Locust Attack -  Food and Agriculture Organization (FAO) Report

Locust Attack - Food and Agriculture Organization (FAO) Report

These creatures got mentioned in religious literature in the Bible, the Quran, and the Iliad (Song of Ilion or Ilium).

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Locust Attack -  Food and Agriculture Organization (FAO) report

Context: During the past couple of weeks, major locust attacks are witnessed in several countries in Asia (especially western and southern) and in some parts of eastern Africa.

Photo by Ante Gudelj / Unsplash

Which countries are affected?

United Nations (UNs) subsidiary Food and Agriculture Organization (FAO) pinpoint three hotspots of minacious (frightening) locust activity, where the situation has been labeled “Extremely Alarming”. These hotspots are …

  • Some parts of Southwest Asia
  • The famous Horn of Africa
  • The area surrounding the Red Sea
  1. Worst Affected: In the Horn of Africa, the FOA fears of an unparalleled combination of food security and livelihood in the surrounding area.
  2. These locusts swarm believed to have traveled from Ethiopia and Somalia towards Kenya and as many as 14 more countries.
  3. Countries affected surrounding the Red Sea in Yemen, Oman, and Saudi Arabia.
  4. Countries affected by the “locust swarms” in the southwest area are Pakistan, the Islamic Republic of Iran. Pakistan had the major hit.
  5. Majorly affected countries Pakistan  Somalia  National Emergencies
Summer Chill
Photo by Joshua Hoehne / Unsplash

What are locusts?

  1. Locusts are a particular kind of grasshoppers (with short-horned) in the family Acrididae.
  2. These creatures have the swarming phase once in their lifetime.
  3. Under normal conditions, these insects are usually solitary but under particular circumstances, they show anomalous behaviours a may change in their behaviours and living conditions, become convivial or organised and together they form swarms.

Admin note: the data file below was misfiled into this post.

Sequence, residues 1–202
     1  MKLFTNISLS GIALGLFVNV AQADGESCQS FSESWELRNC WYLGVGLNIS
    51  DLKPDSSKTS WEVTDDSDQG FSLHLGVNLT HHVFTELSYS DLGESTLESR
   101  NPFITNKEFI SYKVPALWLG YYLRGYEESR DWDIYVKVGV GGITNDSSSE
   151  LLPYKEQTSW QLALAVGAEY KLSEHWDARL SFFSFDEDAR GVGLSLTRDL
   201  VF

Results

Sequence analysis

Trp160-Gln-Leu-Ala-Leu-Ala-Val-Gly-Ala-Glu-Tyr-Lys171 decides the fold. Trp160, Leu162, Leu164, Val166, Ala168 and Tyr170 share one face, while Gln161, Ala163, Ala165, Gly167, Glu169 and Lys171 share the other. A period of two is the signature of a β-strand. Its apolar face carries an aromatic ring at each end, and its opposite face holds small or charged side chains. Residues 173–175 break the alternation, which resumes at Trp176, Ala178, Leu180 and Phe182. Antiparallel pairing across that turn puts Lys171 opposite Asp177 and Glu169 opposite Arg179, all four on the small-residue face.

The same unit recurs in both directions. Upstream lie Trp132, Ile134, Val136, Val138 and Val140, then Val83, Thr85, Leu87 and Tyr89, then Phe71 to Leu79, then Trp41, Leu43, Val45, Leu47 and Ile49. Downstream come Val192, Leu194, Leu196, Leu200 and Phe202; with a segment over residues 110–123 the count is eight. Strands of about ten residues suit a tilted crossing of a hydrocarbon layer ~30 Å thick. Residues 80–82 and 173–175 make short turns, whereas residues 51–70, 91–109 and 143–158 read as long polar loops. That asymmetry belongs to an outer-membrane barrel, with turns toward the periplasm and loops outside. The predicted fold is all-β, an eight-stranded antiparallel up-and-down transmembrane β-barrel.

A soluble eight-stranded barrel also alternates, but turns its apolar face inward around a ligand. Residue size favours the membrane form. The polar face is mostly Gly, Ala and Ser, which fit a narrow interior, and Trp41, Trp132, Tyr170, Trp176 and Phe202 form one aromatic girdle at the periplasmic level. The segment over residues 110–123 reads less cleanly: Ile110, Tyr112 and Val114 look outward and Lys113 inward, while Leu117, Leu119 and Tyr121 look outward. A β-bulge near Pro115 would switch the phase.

4. There are disputes on the opinions, on whether this grasshopper species forms the swarm periodically or only under certain conditions are met.
  5. Generally, locusts are harmless, and their population is usually low and do not pose any sweeping or substantial economic threat to agriculture.
  6. However, contradictory to the above statement, it is observed that the climatic condition of a draught followed by immediate & abundance in vegetation makes it suitable for them to breed in abundance.
  7. The “Serotonin” in their brain set-off unseen changes making them innocuous and migratory (nomadic) in nature, once their population is dense enough to form the swarm.
  8. The transition from the group of wingless insects to swarms of winged locust. Both the wingless and winged migrate around and clean out the crop fields and are harmful to crops. The winged adults are strong fliers; they may migrate to great distances (up to 150+ km in 24 hours) and eat-up most of the green fields whenever and wherever they decide they settle.
locust species found in Malaysia
Photo by M.Hanif Project / Unsplash

Types of locusts found in India

In India and the surrounding subcontinent, there are around four species of locusts…

  • Desert Locust (Scientific name: Schistocerca gregaria)
  • Migratory Locust (Scientific name: Locusta migratoria)
  • Bombay Locust (Scientific name: Patanga succincta or Nomadacris succincta)
  • Tree Locust (Scientific name: Anacridium aegyptium or Egyptian locust)
Photo by Filipe Resmini / Unsplash

Historic Facts about Locust Swarms

  • Locust had a massive impact since the prehistoric period for spreading plagues.
  • Egyptians had locusts carved on their tombs.
  • These creatures got mentioned in religious literature the Bible, the Quran, and the Iliad (Song of Ilion or Ilium).
  • According to historical facts mentioned in ancient books and literature, “Locust Swarms” has ravaged crop fields, responsible for spreading plagues and famines and also influenced human migration.
  • There has been, many efforts in controlling these locust troubles but somehow, they seem to be resistant to the measures employed in controlling their trouble throughout the world. However, the improvement in agriculture practices and control measures at the hotspots (points of locust swarms' origin) are proved to be effective nowadays.
The grasshopper on human hand.
Photo by Rick van Houten / Unsplash

Locust and crop field damage

  • The swarms consume and destroy crucial parts of the plant i.e. leaves, tender flowers, fruits, seeds, trunk and bark and important growing points, and also devour plants by their total weight as they descend on crop fields in massive numbers.
  • The desert locust (schistocerca gregaria) in particular is considered the leading, a hostile and ruinous pest in India also as internationally, with a small swarm of desert locust covering the area of only one square kilometre having the potentiality to consume a coequal amount of food of 35,000 adult people.